VILNIUS - The NATO Defense Ministers’ meeting on June 4 and 5, which was also attended by Lithuania’s Vice Minister of National Defense, focused on cyber security, NATO capabilities and the mission in Afghanistan, reports ELTA.
During the sessions Vice Minister of National Defense Marijus Velicka underlined the need to generate mechanisms for rendering NATO’s support and assistance in case of a cyber attack. “NATO is an alliance of collective defense based on solidarity. For that reason it is crucial that it wields practical instruments allowing prevention of cyber attacks and providing support to the countries under such attacks,” Velicka said.
It was decided to complete an in-depth analysis by this autumn into NATO’s possibilities of providing such support to the member states and to indicate specific measures.
The defense ministers also addressed capabilities and Smart Defense-related points. It was pointed out that significant shortfalls had been observed in some defense areas of the alliance; besides, the U.S. is still carrying an unequal burden in comparison to other member states.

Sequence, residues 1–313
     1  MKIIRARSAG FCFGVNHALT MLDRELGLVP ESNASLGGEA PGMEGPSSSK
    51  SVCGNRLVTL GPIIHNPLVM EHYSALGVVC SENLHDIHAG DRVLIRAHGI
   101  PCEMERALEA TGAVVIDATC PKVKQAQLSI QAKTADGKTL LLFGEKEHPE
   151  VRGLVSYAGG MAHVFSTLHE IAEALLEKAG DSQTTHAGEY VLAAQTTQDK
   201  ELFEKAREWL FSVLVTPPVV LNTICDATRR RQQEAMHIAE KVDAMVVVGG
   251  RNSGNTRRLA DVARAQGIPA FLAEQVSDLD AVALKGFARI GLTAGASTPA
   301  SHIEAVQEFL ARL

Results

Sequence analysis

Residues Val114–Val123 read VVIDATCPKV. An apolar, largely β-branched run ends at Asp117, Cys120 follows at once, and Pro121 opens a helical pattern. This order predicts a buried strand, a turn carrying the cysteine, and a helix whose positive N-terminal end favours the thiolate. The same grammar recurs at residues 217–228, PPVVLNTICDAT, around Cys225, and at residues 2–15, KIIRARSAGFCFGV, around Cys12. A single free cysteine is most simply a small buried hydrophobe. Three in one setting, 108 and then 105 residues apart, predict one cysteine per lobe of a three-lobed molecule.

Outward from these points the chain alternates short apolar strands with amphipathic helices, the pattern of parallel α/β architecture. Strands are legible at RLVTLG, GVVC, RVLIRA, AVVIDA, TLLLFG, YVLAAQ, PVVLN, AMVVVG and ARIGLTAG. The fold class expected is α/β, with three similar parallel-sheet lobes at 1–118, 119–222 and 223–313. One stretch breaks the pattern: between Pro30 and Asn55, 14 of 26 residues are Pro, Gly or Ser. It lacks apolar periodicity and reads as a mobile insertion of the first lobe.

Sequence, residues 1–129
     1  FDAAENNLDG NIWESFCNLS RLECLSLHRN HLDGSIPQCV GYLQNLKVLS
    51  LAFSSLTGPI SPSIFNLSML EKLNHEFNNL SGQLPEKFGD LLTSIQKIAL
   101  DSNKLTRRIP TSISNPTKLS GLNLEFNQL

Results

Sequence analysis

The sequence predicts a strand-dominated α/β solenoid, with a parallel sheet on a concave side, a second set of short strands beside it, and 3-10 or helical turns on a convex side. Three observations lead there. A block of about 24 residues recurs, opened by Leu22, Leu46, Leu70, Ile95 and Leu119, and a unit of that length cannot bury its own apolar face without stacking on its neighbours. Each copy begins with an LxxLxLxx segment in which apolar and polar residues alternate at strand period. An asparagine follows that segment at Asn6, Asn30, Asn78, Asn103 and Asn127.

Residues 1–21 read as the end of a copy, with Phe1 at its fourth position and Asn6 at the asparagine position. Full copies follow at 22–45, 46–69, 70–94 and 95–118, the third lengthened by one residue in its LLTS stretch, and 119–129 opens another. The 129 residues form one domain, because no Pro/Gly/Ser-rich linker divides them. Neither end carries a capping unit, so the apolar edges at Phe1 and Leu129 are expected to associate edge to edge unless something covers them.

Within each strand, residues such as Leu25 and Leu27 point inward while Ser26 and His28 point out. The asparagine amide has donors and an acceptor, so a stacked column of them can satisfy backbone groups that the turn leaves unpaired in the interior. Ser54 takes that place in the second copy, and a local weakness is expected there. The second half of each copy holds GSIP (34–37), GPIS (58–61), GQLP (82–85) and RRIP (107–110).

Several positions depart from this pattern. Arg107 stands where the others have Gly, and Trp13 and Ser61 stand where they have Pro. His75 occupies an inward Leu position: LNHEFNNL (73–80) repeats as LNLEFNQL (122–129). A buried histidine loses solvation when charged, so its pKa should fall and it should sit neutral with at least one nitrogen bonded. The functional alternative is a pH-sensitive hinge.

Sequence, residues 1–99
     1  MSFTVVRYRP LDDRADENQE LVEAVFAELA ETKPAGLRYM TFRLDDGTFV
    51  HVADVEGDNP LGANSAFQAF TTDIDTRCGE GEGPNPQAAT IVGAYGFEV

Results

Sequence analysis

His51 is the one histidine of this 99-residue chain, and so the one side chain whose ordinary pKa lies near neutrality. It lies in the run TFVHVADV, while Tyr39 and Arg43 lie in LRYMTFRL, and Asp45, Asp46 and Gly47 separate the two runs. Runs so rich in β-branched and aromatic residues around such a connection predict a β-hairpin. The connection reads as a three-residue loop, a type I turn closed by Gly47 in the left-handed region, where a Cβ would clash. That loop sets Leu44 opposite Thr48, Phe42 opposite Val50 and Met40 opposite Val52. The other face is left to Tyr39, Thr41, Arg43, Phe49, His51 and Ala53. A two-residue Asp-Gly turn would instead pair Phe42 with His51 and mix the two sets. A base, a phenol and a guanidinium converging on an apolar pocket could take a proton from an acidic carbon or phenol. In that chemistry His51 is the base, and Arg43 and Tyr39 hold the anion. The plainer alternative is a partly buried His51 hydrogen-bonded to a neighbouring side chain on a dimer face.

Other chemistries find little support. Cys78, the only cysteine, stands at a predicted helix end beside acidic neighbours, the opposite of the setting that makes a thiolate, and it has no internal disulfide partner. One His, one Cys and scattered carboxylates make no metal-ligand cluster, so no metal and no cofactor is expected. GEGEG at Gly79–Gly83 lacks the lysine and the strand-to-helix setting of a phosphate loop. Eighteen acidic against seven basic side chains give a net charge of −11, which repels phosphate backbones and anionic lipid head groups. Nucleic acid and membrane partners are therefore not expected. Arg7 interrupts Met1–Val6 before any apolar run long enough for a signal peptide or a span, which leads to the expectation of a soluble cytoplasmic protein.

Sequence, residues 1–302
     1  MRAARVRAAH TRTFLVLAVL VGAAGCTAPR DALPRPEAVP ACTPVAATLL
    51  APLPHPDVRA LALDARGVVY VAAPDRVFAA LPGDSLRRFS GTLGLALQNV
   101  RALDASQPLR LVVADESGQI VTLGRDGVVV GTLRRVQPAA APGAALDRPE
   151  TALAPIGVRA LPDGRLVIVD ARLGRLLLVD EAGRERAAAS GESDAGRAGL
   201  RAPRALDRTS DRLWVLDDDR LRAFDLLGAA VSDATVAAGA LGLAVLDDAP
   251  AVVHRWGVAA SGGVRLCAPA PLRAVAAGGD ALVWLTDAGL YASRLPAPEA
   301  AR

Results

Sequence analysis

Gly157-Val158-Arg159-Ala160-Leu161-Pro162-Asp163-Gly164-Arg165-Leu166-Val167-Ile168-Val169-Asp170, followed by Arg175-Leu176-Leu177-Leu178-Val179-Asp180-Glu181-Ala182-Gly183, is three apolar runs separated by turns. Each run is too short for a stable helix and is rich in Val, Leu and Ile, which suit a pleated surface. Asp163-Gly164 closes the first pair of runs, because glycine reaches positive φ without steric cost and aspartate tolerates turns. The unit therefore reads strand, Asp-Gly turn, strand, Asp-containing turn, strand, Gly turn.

In a discussion over multinational Smart Defense projects, Lithuania introduced a green defense-related document which had been prepared in collaboration with Denmark. The document includes specific proposals on enhancing energy efficiency and drawing various aspects of energy security into NATO’s agenda, exercises and capability planning. The ministers have agreed to use the document as a basis for further developing NATO’s role in energy security area.
Velicka also attended the meeting of the NATO-Georgia Commission where stock has been taken of the defense reforms in the country. Lithuania expressed support to Georgia’s euro-Atlantic integration aspirations and encouraged to continue the reforms aimed at the existence of an impartial legal system in the country. The ministers thanked Georgia for its significant contribution to NATO’s operations and reiterated their commitment to continue the cooperation of NATO and Georgia.
The so-called Nordic Group also met in the margins of the ministerial meeting in Brussels (it includes the Baltic States and the Nordic countries, the United Kingdom, Poland, the Netherlands and Germany). The Baltic States presented the activities of the Baltic Defense College (BALTDEFCOL) in Tartu, Estonia, where a discussion was held on the possibilities of closer involvement of partners (Sweden and Finland) into various NATO projects.